Easy Find It Page
Easy Find It
Use Our Mobile Site
Use Our Mobile Site
Share This Website
The Sugar Trehalose
Free NEWS Letter
Affiliate Program
Untitled Document

Already an Affiliate? Click on the link below to access your account-

Affiliate Login

Endowment Book Store
The Trehalose Store
Endowment Store Front
Support The Endowment
Enter Amount:
We Accept
VisaMaster CardAmerican ExpressDiscoverssl lock
Download Store

Download Store

Download 7 Free Newsletters Plus Other Educational Materials

Main Menu
- - - - - - -
Inside the Human Cell
The Sugar Trehalose
- - - - - - -
Sugar Science Forum
Glycomics Training
Interactive Glycomics Brochure
7 FREE NEWSletters
HOT Links of Interest
- - - - - - -
Contact Us
Educational e-textbook
Chapter One

Chapter One

FREE Sneek Peek
Chapter One

Evaluation Forms

Huntington’s General
Health Evaluation
FORM for Trehalose
Nutritional Pilot Survey

Parkinson's General
Health Evaluation
FORM for Trehalose
Nutritional Pilot Survey

Alzheimer / Dementia
General Health Evaluation
FORM for Trehalose
Nutritional Pilot Survey

Diabetic Health Evaluation
FORM for Trehalose
Nutritional Pilot Survey

General Public Health
Evaluation FORM for
Trehalose Nutritional
Pilot Survey (For General
Public without Huntington’s,
Alzheimer’s, or Parkinson’s.)

Who's Online
We have 34 guests online
Drug Bill Will Force Pharmaceutical Discounts

Bill would discount drugs for poor
Program could force drugmakers to answer to the government over their pricing policies

California's plan to require pharmaceutical companies to offer discounted medicines to low-income and uninsured residents takes the debate over government intervention in the drug market to a new level.

Earlier this week, Gov. Arnold Schwarzenegger and Democratic leaders in the state Legislature agreed on a program that would penalize drugmakers that fail to offer such discounts by restricting their ability to participate in the state's Medi-Cal program.

California wouldn't be the first state to impose such rules -- Maine has that distinction. But California represents the nation's largest health care market, and its decision to create price incentives, if successful, could prompt other states to follow.

"It's a big step, and made even bigger by the fact it's being taken by the biggest state in the country," said Larry Leavitt, vice president with the Kaiser Family Foundation.

The bill, which was agreed upon Thursday and could reach the state Senate early next week, comes at a time when rising prescription drug costs have prompted politicians to consider a variety of measures to make medicine affordable. Democrats tend to favor controls or subsidies, while Republicans want to promote competition and let market forces keep prices down.

Although the California program doesn't explicitly set up negotiations between drugmakers and state regulators, it would effectively force the companies to answer to the government over their pricing policies.

The Bush administration favors limiting the ability of state or other government units to negotiate drug prices, fearing controls could hinder development of new drugs. Medicare's new prescription drug benefit, for example, prohibits the government from negotiating prices, a point critics say is a major weakness in the program.

"This movement in California could help change the national debate about whether the federal government should negotiate for the best possible price for prescription drugs. That's something clearly being raised in elections around the country," said Anthony Wright, executive director of Health Access, a health advocacy group that supports the bill.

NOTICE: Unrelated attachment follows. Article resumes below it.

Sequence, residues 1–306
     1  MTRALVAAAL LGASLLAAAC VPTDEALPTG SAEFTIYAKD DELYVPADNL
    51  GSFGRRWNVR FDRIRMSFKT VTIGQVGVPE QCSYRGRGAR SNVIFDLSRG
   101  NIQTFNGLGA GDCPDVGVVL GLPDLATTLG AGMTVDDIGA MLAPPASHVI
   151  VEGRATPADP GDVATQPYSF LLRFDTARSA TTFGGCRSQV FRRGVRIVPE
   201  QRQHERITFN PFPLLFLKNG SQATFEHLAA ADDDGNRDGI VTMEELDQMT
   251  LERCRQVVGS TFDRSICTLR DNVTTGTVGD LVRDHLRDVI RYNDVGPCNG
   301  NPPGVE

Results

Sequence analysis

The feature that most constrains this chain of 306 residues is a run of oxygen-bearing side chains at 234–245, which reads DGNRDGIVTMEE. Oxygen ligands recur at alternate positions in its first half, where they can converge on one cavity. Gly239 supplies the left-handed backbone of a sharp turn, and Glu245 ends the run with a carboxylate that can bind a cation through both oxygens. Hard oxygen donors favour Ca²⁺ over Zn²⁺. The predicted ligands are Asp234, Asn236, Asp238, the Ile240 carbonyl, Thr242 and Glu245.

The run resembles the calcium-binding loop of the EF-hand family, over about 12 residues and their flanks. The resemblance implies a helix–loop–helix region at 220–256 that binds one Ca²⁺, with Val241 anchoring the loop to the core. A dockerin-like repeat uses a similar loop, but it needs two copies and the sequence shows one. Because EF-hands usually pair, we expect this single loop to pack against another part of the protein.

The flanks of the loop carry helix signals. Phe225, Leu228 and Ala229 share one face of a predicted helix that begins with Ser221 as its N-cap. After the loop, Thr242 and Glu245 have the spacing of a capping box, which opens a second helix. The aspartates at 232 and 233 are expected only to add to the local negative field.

If the questions about a state-run prescription drug program for the uninsured sounds familiar, it should. Last year, voters rejected two propositions that would have offered lower-priced drugs to uninsured Californians.

Confusion about the two measures -- one backed by labor and health care reformers, the other by drugmakers -- in what turned out to be the most expensive initiative battle in the country was blamed in part for the demise of both initiatives.

Drug companies spent more than $80 million to defeat a labor-backed measure, which included a "Medi-Cal hammer" tying continued participation in Medi-Cal with cooperation on discounts. The other measure would have set voluntary standards for drugmakers.

The bill is a hybrid, with features similar to both of the two failed measures. It includes the so-called hammer, but gives drugmakers three years to comply with the law before the penalty is enforced.

Discounts are limited to uninsured people earning three times the federal poverty level, which is lower than what some Democrats and advocates proposed. About 5 million Californians are expected to be eligible.

Despite the compromises, some question whether the program -- if passed into law -- will see the light of day.

Maine's discount drug program was approved in 2000. But drug companies held it up in court. It was finally implemented in 2004. Ohio tried to implement a program with a Medicaid hammer but bowed to legal pressures and made the program voluntary.

John Graham, director of health care studies at the Pacific Research Institute, a free-market think tank in San Francisco, said he expects the drug industry to wage legal warfare if the state tries to restrict manufacturers from the Medi-Cal program.

"Whatever (Schwarzenegger) thinks he's trying to do, it's going to have to wait until the taxpayers spend who knows how much money fighting lawsuits by the pharmaceutical industry," he said.

Discount plan

-- Drugmakers must offer 40 percent discounts for their brand-name drugs and 60 percent for generics.

-- Uninsured people earning up to three times the federal poverty level are eligible.

-- Drug companies that don't offer discounts would be restricted by Medi-Cal.

Source: Chronicle research

Source San Francisco Chronicle